Faust.[Leningrad]: Gosudarst'vennoe izdatel'stvo khudozhestvennoi literatury, 1953 Stock Code: 132166
NotesFirst edition of Pasternak's Russian translation of Goethe's masterpiece, presentation copy inscribed to a close friend and fellow poet, "to one of the most interesting people and the best poets of the present times, Simon Chikovani, with love and devotion, B. Pasternak, 9 February 1954", on the front free endpaper.
Chikovani (1902-1966) was a "lifelong friend of Pasternak" (Christopher Barnes, Boris Pasternak: A Literary Biography, vol. 2) and one of his closest contacts in Georgia. He was a leading Futurist poet, who "sported Mayakovsky's mantle" (according to Professor Donal Rayfield) and edited the H2SO4 journal. His brother was shot in the Great Purge in 1937, and Chikovani came progressively to toe the party line. By the time Pasternak was publishing Faust, Chikovani had become deputy to the Supreme Soviet council in Georgia, though the two remained good friends. This copy has frequent pencil markings, presumably Chikovani's, largely to the introduction and notes.
Pasternak was working on Dr Zhivago at this time, but was out of favour with Soviet censors and not permitted to publish his original work. A translation of a world classic such as Goethe's Faust, however, was acceptable, and so Pasternak produced this high creative rendering, first published in book form in 1953 and reprinted several times. He had previously translated Shakespeare's Hamlet in 1940, but it is Pasternak's Faust that carries the most considerable significance to his Zhivago. Most suggestively of all, the author's original subtitle for the novel, though later redacted, was "Opyt russkogo Fausta": A Russian Faust. Angela Livingstone, in her essay "Pasternak and Faust " (Forum for Modern Language Studies, volume XXVI, issue 4, 1 Oct 1990, pp.353369), contends that "the abandoned subtitle and many of Pasternak's remarks about Faust, show at the very least an intense preoccupation with Goethe's play and a tendency to conceive of his own and Zhivago's 'world' as 'Faustian'". Yurii Zhivago's own thoughts on Faust, moreover, appear within the novel in his notebook ponderings at Varykino.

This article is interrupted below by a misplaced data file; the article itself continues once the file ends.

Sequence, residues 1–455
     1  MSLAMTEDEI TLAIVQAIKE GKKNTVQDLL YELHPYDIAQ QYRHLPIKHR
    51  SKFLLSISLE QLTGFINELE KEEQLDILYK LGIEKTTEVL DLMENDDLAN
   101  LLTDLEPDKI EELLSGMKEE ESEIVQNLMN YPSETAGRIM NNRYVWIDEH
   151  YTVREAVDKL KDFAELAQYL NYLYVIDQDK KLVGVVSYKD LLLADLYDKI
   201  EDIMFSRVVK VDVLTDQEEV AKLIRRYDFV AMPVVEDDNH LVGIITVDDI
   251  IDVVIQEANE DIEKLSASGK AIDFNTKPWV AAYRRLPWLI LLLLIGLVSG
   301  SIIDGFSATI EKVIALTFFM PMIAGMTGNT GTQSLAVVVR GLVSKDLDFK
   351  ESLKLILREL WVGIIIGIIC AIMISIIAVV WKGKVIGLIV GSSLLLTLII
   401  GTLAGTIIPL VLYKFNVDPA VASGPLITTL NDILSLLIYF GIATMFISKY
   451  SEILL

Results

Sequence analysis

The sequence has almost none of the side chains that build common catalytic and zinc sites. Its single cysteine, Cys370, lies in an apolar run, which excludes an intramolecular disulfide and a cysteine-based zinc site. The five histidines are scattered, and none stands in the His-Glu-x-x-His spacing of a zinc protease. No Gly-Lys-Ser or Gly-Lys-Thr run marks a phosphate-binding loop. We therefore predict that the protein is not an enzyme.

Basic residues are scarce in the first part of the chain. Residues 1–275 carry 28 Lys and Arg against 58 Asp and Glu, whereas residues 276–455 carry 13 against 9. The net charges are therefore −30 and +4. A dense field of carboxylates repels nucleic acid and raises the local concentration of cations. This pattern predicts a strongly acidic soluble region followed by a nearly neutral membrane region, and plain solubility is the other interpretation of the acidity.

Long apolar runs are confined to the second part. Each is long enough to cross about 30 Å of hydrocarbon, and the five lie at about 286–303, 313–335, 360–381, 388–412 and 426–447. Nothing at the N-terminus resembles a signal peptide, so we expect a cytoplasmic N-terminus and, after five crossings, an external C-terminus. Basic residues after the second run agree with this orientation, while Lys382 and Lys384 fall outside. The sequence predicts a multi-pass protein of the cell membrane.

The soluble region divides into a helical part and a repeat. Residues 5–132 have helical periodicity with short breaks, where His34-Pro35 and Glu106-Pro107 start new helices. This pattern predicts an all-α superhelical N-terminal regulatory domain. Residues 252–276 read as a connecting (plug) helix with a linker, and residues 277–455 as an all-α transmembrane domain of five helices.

Pasternak could not help but encode political critique into his translation, such as against Stalin's notorious canal-building projects resulting in the death of tens of thousands of gulag labourers - where Goethe's Baucius recounts the building of a canal, Pasternak renders a text that translates "Are human sacrifices / justified by a canal?", and even made none-too-subtle reference to Stalin in the line "Stali nuzhny dorzarezu...". Passages such as this were toned down in subsequent reprints.
When parts of the translations were first published, the text was attacked in the Soviet Journal Novy Mir in 1950, causing Pasternak, exasperated, to complain to a friend (the exiled daughter of Marina Tsvetaeva) of their "denouncing my Faust on the grounds that the gods, angels, witches, spirits, the madness of poor Gretchen, and everything 'irrational' has been rendered much too well, while Goethe's 'progressive' ideas (what are they?) have been glossed over."
The book is very scarce, with fewer than 20 copies listed by OCLC in libraries worldwide, and no other copies, inscribed or otherwise, traced in auction records.
Octavo. Original brown cloth, titles and decoration to spine and front in gilt, black, and blind, imprint and price blind to rear board. Housed in a brown quarter morocco solander box by the Chelsea Bindery.
Illustrated frontispiece and five plates, additional vignettes in the text, by A. Goncharova.
Minimal rubbing to ends and corners, but an excellent copy.
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